Seven Quick Facts About Olojo Festival In Ile-Ife That You Should Know

Seven Quick Facts About Olojo Festival In Ile-Ife That You Should Know

His Imperial Majesty, The Arole Oduduwa, Olofin Adimula, Ooni Adeyeye Enitan Ogunwusi Ojaja II, The Ooni of Ife wearing the sacred Aare crown at a typical edition of Olojo Festival Celebration. Photo: Instagram|Ooniadimulaife

In this post, we bring to you a drop-down of seven quick and stunning facts about Nigeria's biggest annual cultural festival, the Olojo Festival of the Yoruba people of Subsaharan Africa held in the ancient city of Ile-Ife, Osun State, Southwest, Nigeria.

As the cradle and spiritual headquarters of the Yoruba race, one the largest ethnic groups in the African continent, Ile-Ife is home to numerous colourful traditional festivals. Olojo however takes the lead as the most prominent and widely attended of all the festivals native to this foremost Africa's historical city. 

Below is a list of seven prominent facts that we think you should know about this renowned festival:

Read Also: Olojo Festival 2022: What You Need To Know

First, Olojo is only celebrated in the City of Ile-Ife. Unlike other prominent festivals notable among which are the New Yam Festival, Olokun Festival, Edi Festival, Egungun Festival, Oro Festival and numerous others that are replicated in several other Yoruba towns and beyond, it is only in Ife that Olojo is celebrated. This is based on the belief that Ile-Ife is the source of mankind and where the creation of the universe took place. Hence the Festival's tagline: "One Yoruba, One Source, One Festival".

Second, a central figure during olojo festival celebration is the Ooni, who plays critical roles as the spiritual head and custodian of the Yoruba tradition. It is one period of the year when the Ooni observes a special seven-day private moment of prayers and denial, communing with the ancestors on behalf of the people for peace and prosperity of the city in particular and Yoruba race in general.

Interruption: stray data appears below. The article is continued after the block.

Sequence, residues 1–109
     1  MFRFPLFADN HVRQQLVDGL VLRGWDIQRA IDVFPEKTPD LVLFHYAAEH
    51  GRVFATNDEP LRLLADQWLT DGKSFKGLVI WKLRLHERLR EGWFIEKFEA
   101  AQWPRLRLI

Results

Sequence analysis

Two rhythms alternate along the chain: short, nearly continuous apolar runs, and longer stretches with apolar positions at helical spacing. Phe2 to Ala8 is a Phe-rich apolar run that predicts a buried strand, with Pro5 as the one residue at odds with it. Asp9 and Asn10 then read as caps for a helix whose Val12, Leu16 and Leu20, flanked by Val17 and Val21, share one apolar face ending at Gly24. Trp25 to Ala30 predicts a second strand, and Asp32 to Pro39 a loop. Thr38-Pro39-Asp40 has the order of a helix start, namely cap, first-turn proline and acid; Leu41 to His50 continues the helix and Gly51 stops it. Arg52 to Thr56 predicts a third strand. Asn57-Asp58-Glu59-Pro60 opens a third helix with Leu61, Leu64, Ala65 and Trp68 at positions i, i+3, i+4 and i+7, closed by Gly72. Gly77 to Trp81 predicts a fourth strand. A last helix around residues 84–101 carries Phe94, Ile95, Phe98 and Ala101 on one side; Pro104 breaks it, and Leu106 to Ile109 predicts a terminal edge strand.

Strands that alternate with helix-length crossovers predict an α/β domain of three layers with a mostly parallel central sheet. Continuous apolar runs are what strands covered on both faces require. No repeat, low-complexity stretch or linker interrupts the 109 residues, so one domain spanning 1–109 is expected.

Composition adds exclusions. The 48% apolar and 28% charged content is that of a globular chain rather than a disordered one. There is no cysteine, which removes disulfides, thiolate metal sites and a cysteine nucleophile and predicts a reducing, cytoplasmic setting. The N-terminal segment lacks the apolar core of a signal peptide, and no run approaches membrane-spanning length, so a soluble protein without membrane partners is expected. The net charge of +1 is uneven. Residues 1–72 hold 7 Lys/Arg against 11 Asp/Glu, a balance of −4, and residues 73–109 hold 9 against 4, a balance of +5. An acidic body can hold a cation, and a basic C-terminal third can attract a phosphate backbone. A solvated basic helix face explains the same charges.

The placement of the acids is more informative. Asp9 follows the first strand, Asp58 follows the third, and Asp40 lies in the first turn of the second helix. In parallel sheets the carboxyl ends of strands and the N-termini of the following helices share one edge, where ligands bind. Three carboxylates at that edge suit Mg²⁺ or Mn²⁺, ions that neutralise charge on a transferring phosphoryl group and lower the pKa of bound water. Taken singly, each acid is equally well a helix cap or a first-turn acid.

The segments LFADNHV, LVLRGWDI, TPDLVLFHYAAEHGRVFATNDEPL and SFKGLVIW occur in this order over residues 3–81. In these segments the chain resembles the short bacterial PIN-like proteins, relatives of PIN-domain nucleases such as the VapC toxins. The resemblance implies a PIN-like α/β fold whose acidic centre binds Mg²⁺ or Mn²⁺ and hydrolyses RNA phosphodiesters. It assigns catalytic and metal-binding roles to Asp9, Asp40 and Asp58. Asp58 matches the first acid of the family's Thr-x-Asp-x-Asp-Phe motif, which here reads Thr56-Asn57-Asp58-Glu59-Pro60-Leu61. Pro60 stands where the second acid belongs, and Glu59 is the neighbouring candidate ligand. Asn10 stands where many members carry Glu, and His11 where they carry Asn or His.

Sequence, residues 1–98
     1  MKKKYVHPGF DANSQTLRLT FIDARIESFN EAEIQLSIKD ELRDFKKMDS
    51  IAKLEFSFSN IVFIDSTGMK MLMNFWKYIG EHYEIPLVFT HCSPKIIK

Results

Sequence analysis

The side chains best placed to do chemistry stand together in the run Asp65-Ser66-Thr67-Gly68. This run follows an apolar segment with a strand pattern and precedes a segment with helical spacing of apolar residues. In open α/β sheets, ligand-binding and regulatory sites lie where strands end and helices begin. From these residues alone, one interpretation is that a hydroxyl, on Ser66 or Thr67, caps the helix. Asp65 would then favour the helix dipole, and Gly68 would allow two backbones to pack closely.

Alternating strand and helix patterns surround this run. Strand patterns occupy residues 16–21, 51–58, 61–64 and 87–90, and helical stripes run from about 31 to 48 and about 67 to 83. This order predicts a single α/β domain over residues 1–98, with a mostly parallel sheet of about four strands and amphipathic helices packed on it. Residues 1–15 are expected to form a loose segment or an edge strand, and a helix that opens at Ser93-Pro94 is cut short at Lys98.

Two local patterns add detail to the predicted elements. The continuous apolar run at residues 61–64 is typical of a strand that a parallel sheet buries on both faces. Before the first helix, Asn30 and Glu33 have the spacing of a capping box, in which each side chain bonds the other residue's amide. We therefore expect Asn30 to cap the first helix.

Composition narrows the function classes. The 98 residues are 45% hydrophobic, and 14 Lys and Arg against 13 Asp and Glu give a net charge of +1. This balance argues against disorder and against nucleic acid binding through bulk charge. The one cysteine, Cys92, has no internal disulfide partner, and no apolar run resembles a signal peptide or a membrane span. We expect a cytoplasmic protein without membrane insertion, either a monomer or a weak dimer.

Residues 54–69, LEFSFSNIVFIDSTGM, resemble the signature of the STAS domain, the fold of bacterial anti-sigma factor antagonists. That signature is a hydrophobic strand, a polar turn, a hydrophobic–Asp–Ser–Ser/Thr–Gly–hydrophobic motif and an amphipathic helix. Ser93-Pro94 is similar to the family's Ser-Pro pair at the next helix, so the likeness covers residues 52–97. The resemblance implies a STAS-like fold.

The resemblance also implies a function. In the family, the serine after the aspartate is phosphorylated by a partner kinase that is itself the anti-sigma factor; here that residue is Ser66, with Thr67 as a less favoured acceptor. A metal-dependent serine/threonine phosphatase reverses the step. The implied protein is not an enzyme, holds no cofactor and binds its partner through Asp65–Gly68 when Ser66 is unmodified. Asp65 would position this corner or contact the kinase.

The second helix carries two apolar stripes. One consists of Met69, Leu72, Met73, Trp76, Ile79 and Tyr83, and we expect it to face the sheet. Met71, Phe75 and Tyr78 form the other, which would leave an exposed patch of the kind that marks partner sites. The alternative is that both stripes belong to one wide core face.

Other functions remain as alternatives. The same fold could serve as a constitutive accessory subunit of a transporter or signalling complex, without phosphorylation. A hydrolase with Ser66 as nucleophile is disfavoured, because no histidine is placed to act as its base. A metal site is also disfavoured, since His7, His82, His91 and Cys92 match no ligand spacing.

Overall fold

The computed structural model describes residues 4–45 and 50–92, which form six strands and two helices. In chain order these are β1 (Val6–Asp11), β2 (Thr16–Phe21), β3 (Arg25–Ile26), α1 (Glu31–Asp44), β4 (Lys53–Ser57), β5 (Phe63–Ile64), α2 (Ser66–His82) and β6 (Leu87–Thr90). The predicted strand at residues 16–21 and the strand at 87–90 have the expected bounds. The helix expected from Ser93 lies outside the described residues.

Third, Olojo is the only festival of which participation is open to all age groups and genders. Unlike some other festivals that are usually restricted to specific groups or worshippers, Olojo is celebrated actively by everyone.

Fourth, Olojo equally celebrates Ogun, god of iron who happened to be the first son of Oduduwa, the progenitor of the Yoruba race. Ogun was very prominent and so revered based on his crafts as a blacksmith while he lived in Ile-Ife, manufacturing farming and hunting tools. It is a deity associated with anything iron. 

Fifth, The Ile-Ife's ancestral crown, the "Aare" crown is worn only once in a year and that is during Olojo Festival. The Ooni, King of Ile-Ife adorns the sacred crown as a reaffirmation of the oath between the living the the ancestors on one side and to offer opportunity to bless the people of people on the other as it is believed that whatever the Ooni says while wearing the crown is binding.

Sixth, Olojo is very significant as it celebrates the unity, unification and a homecoming for the entire Yoruba race. It is not a festival for Ile-Ife or its inhabitants alone but one that brings together all the descendants of Oduduwa from home and the diaspora.

Seventh, all deities participate at the Olojo festival. Ile-Ife is known as a city of 401 deities who are celebrated at different times of the year but are also showcased during Olojo festival.

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